Barbara Barnette

Barbara Barnette


Hardy Waterlilies

1. Do you have any tried-and-true advice or handy hints for storing hardy waterlilies over the winter?

There are a couple ways to store hardy waterlilies for the winter. First of all, for both methods you will need to remove the potted waterlily from your pond. Trim all the leaves except the smallest growing tips emerging from the crown, as they are next year’s growth. For the first method, after trimming, add some soil or gravel to completely cover the rhizome. Then sink the pot to the lowest level of the pond and leave it for the winter. If the surface of the pond freezes, keep a hole in it to allow gases to escape. This method only works if your pond does not freeze solid during the winter. If it does freeze solid, it is best to use the next method. 

Take the waterlily tuber out of the pot after you finish trimming the leaves. Wash it and trim the roots off as well. Pack the waterlily tuber in a plastic bag in slightly damp peat and store in a basement or other cool, dark area that doesn't freeze, or in a refrigerator. Open the bag once a month to check on the tuber. If the waterlily tuber shows signs of rot it will have to be thrown away. If the peat becomes too wet, repack with fresh peat, and check it again next month.  

2. Even among the hardy waterlilies, are there some that are hardier than others?

Absolutely! The yellows are the most notorious for not being truly hardy and with good reason. The yellow waterlilies all have some genes from N. mexicana in them. Because N. mexicana is not a true hardy waterlily this causes its hybrids to be less tolerant of cold temperatures.

3. What is the number one mistake that people make when over-wintering their hardy waterlilies?

I would say that the number one mistake people make is not checking the water garden often enough in the winter. If the pond freezes solid they lose their waterlilies.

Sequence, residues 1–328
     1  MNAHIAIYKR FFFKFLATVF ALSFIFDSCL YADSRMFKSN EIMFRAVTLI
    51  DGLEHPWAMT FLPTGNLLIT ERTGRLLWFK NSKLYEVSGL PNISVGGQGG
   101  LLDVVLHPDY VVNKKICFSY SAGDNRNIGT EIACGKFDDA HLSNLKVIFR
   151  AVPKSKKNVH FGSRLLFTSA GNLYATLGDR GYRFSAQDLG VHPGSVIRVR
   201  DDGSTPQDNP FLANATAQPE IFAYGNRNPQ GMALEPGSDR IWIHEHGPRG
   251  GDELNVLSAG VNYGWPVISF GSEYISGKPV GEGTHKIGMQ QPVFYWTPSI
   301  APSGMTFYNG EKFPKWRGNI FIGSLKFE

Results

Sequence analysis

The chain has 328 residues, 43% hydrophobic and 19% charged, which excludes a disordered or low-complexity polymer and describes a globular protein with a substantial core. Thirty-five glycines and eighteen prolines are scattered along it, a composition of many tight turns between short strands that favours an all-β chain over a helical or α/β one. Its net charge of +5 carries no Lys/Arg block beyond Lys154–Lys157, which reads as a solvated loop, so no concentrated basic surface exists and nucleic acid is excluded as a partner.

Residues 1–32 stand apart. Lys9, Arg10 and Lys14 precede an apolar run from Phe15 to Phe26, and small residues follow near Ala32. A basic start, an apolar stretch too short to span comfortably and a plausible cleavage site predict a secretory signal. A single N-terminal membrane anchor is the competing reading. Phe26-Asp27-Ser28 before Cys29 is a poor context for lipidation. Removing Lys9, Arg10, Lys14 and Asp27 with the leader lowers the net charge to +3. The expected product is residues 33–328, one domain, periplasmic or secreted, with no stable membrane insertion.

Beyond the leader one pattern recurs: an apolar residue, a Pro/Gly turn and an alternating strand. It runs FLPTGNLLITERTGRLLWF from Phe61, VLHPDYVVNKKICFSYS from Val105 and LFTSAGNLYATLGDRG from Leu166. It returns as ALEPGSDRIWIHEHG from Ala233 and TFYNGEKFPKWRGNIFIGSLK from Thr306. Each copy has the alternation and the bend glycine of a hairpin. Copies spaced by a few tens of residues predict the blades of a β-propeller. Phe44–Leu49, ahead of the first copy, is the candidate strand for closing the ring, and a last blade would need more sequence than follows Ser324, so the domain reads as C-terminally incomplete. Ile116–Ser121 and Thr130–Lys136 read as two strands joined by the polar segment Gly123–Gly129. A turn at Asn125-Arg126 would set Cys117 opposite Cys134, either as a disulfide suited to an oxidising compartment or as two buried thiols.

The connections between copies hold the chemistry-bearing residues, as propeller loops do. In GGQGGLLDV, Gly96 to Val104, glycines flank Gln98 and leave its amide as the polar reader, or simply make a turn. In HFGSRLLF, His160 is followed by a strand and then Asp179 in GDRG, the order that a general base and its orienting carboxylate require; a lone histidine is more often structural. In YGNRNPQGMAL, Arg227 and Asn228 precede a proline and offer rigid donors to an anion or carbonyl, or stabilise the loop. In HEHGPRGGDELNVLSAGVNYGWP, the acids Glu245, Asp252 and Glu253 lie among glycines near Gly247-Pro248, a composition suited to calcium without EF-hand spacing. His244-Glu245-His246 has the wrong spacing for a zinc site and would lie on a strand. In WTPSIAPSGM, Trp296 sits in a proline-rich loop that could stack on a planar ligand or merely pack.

4. Is it helpful to use a water heater or a bubbler in the winter?

Water heaters would certainly stop your water from freezing but the cost could be prohibitive.  Bubblers can also prevent your water garden pond from freezing because it mixes the warmer water at the bottom with the colder surface water and the movement prevents ice from forming.   

5. Now that Spring is starting to arrive, what should the water garden owner do to give their waterlilies the best head start for the new season?

The easiest method is to simply fertilize the waterlily with your favorite fertilizer at the recommended rate. Then bring the pot up to 6 inches from the surface where it will be in the warmer, sun-influenced water. This can be accomplished by supporting the waterlily pot with concrete blocks. As your plant matures you can then submerge it further to your desired depth.  If you stored your  waterlily tuber in a basement or refrigerator in a bag then you must repot the tuber in fresh soil. Don't forget a layer of gravel on the surface of the soil to help stabilize it. Apply a fresh supply of fertilizer and your plants are off to a great start for the season.

(Just a note: We find that if you over-winter your plants in the pot you get a better response if you repot them in the spring rather than simply fertilizing the existing pot.)

Tropical Waterlilies:

1. For people in cold climates, is it practical to over-winter tropical waterlilies, or is it better to treat them as annuals?